Give gifts of time, not just money.
Pastor Ray and Joyce Henderson, visitation pastors at First Assembly of God in Des Moines for 15 years, raised seven children, often on a very slim budget. They learned that what their children wanted most was their parents’ time and attention. Together they sang carols at home and for shut-ins, baked and decorated cookies and shared Christmas stories. They made a birthday cake for Jesus and each family member created a birthday card for Him. And in opening their home to a childless couple, an elderly couple, a single person with no family nearby, or a teen-ager from a group home, the Hendersons found themselves richly blessed.

In preparing gifts, each person cut a favorite shape from construction paper — perhaps a bell, a cross, etc., and cut enough shape-cards for everyone in the family. Inside, each described the gift of time being given. "Dad, I will polish your Sunday shoes." "One morning I will clear the sidewalks of snow and three mornings I will start your car and scrape the windows." "I will teach you how to play my trumpet." On Christmas, they shared a family candlelight Communion, read Scripture, sang, prayed and then opened the 72 gift cards that had decorated their tree.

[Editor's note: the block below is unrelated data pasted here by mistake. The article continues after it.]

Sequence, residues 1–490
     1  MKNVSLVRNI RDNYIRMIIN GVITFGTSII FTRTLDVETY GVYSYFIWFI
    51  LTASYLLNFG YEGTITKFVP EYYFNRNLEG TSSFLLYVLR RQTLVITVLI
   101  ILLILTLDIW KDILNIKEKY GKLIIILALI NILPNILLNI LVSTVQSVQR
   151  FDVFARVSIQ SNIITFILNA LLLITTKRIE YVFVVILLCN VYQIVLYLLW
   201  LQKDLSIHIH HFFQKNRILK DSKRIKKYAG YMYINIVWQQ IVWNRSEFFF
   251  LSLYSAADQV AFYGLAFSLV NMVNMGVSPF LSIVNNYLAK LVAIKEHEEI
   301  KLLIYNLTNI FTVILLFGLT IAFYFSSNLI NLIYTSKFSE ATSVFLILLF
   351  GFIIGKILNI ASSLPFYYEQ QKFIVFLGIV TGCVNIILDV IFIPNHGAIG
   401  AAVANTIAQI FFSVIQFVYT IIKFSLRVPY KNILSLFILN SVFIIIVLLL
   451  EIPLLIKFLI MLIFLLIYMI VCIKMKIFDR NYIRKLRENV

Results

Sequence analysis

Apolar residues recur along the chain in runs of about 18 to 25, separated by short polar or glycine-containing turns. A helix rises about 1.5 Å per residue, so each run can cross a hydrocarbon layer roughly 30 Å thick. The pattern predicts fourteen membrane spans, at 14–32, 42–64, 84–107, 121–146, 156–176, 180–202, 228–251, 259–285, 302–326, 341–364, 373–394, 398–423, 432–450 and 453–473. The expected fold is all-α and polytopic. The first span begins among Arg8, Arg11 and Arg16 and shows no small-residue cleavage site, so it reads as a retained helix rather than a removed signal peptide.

Give children what they need, not just what they want.
In spite of their wish lists, perhaps children could better use a new Bible, a savings bond for college, or books to improve their knowledge or their reading ability. Giving gifts is a big blessing for the giver and the receiver, but when we spend money we do not have to purchase gifts someone does not need, we miss the point of Christmas.

We will experience an awesome Christmas as we reach out to others, share our hearts and our homes, give gifts of our time, find a child in need or otherwise show our love.

It might shock your family and friends, but with courage and God’s grace, you can break an old cycle of relying on what money can buy. Just as money can buy a house but not a home, Jesus came to give us what money cannot buy: forgiveness, healing and restoration. Jesus gave us what we needed, not just what we wanted. Let’s do the same this Christmas.


John M. Palmer is pastor of First Assembly of God in Des Moines, Iowa.